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Sex Without Fear

The new pill that could revolutionize gay life is reawakening old arguments.

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Left: “I equate PrEP to the Pill. People had a backlash against it at first, thinking it would lead to promiscuity. I’m being a pioneer and a guinea pig, and why not?” —Nathan
Right: “I use condoms but not with one guy, a friend with benefits. I’m HIV-negative, and he is, too, to my knowledge, but I’d consider going on PrEP to be more cautious. I can get it through my mom’s insurance.” —Sherrod   

Gabriel and his friends like to go dancing at places in Chelsea and Hell’s Kitchen like Viva and Pacha. One night last winter, they ended up at a downtown club hosting a circuit party, a huge gay rave with throbbing, industrial house music. The theme was leather and S&M, and Gabriel* wore a singlet. He’s usually the least interested in drinking of the group­—he’s the responsible planner—but as the night wore on, he wound up becoming very drunk and very high and making out with lots of men. “I was feeling the fantasy of it all,” he says. A couple he vaguely knew grabbed him. They wanted to do more, insistently. Gabriel resisted at first and then, he says, decided to just give in to the spirit of the evening. It felt, at the time, freeing and hedonistic.

But he hadn’t been wearing a condom when they had sex, and in the morning, he woke up wanting nothing more than to regain control over that moment. Gabriel is a 32-year-old real-estate broker. He had tested negative for HIV the last time he’d been to a clinic. Terrified that might change, he went to Callen-Lorde, a health clinic in Chelsea, where he was placed on a 28-day course of a full HIV-medication regimen. When taken within three days of exposure, it dramatically reduces the chances of infection—something like the morning-after pill for HIV. Gabriel didn’t react well to the course: He felt nauseous and drained the whole time.

He never wanted to go through that again—neither the physical or the psychological anguish. So Gabriel got a prescription from his doctor for Truvada. Truvada is a ten-year-old HIV-treatment pill that, in 2012, quietly became the first drug to be approved by the FDA for a new use: to prevent HIV infection. The drug has the potential to dramatically alter the sexual behavior—and psychology—of a generation. When taken every day, it’s been shown in a major study to be up to 99 percent effective. For Gabriel, it was like switching to birth control instead of Plan B.

Several months after starting the drug, Gabriel says it’s allowed him to be bolder and more unapologetic in his desires, to have the kind of joyfully promiscuous, liberated sex that men enjoyed with one another in the decade or so after the Stonewall riots brought gay life out from the shadows and before the AIDS crisis shrouded it in new, darker ones.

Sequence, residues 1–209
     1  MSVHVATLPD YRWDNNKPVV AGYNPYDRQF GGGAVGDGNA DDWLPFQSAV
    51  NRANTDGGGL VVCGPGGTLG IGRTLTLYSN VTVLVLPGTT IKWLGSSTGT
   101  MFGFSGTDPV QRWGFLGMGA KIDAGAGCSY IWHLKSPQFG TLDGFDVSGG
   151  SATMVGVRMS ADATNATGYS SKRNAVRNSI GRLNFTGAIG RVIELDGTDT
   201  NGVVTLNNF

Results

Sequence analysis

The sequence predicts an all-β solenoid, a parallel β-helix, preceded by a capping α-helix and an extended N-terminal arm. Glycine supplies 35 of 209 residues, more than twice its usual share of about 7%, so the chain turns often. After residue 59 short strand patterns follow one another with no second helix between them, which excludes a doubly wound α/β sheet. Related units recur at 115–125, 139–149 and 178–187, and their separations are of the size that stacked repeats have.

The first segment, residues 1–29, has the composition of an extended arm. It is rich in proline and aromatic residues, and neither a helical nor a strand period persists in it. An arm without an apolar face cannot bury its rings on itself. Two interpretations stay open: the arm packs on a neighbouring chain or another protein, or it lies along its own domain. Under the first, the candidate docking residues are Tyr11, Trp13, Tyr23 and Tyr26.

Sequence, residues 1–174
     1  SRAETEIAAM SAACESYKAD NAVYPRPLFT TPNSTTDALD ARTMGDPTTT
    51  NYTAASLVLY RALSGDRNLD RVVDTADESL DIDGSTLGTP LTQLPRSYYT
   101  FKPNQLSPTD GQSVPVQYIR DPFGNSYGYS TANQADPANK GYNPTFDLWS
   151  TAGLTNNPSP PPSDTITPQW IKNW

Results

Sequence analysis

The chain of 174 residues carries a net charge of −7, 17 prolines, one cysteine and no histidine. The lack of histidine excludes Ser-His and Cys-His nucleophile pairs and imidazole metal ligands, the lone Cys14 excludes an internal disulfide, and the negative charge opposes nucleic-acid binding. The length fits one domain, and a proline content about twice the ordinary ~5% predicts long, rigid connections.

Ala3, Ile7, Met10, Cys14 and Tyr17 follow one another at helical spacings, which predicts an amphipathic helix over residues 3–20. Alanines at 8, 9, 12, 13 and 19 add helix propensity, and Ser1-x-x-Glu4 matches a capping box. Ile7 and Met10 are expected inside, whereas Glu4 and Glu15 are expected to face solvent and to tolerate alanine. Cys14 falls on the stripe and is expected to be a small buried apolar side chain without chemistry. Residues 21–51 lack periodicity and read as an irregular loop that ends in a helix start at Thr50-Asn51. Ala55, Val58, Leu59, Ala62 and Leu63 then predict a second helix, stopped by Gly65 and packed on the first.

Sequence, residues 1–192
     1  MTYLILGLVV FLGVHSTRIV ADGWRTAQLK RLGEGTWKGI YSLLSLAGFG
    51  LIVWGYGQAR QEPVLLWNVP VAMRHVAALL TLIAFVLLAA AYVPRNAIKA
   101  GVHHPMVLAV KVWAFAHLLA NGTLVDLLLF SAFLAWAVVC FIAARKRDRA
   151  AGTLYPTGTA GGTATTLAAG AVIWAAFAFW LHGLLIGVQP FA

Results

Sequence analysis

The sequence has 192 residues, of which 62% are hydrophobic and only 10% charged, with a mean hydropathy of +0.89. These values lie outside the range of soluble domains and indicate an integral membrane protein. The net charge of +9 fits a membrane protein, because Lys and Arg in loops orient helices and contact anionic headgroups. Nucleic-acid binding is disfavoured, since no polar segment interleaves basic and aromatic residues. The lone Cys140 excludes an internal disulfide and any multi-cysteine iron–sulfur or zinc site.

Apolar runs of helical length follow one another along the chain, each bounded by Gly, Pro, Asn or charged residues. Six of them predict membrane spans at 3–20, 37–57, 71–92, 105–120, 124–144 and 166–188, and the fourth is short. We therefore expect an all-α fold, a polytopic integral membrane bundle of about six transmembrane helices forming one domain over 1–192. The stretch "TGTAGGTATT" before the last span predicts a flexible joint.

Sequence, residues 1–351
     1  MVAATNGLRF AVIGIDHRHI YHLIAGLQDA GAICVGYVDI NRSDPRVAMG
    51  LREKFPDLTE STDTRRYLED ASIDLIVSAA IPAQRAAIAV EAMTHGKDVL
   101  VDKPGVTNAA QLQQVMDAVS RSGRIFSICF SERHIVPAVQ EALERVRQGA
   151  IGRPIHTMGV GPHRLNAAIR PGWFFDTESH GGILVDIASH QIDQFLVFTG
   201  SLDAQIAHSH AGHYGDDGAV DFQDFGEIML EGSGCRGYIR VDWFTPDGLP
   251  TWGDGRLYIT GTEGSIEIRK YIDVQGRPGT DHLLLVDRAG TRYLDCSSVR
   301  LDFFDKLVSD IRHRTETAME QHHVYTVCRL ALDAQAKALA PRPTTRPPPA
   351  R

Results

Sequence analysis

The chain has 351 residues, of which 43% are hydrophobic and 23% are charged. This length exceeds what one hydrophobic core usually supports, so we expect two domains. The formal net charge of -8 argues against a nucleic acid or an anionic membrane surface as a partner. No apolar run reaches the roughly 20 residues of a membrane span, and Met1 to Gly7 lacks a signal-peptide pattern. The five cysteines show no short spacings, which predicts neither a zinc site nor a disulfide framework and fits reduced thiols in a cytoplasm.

For some men, Truvada’s new use seems just as revolutionary for sex as it is for medicine. “I’m not scared of sex for the first time in my life, ever. That’s been an adrenaline rush,” says Damon L. Jacobs, 43, a therapist who has chronicled his own experience with the drug on Facebook so enthusiastically that some assume Gilead, the drug’s manufacturer, must be paying him. (It’s not, say both he and Gilead.)

“I stayed the night with a guy I knew, whom I believe to be HIV-negative,” he tells me. “We passed out, too drunk to fuck.” In the morning, they tried again, without a condom. “He was getting close to coming,” Jacobs relates, “and he said, ‘Do you want me to pull out?’ and I said, ‘No.’ I thought, I want this experience. I deserve this.”

For the past several years, the conversation about gay life has been, to a large degree, a conversation about gay marriage. This summer—on social media, on Fire Island, at the Christopher Street pier, and in certain cohorts around the ­country—what many gay men are talking about among themselves is Truvada. And what’s surprising them is how fraught the conversation can be. For some, like Jacobs, the advent of this drug is nothing short of miraculous, freeing bodies and minds. For doctors, public-health officials, and politicians, it is a highly promising tool for stopping the spread of HIV.

But for others, a drug that can alleviate so much anxiety around sex is itself a source of concern. They worry that Truvada will invite men to have as much condom­less sex as they want, which could lead to a rise in diseases like syphilis. Or they fret that not everyone will take it as religiously as they ought to, reducing its effectiveness and maybe even creating resistance to the drug if those users later become HIV-positive and need it for treatment. And just as the birth-control pill caused single women in the sixties to wonder whether they’d be seen as “sluts” and to internalize that real and imagined shame, some gay men wonder how Truvada will play in the straight world; it sends a strikingly different message from the one in the “Sunday Styles” wedding announcements. Other gay men worry that the very existence of such a drug is a kind of betrayal: of those who’ve died in the epidemic; of fealty to the condom, an object alternately evoking fear and resilience, hot sex and safe-sex fatigue; and of a mind-set of sexual prudence that has governed gay-male life since the early ’80s. Even after treatments for HIV made it a manageable disease for many, gay men have absorbed the message that a latex sheath is all that stands between them and the abyss. Meaning not only HIV infection but everything it implies: loss of self-control and personal dignity, abdication of civic responsibility.


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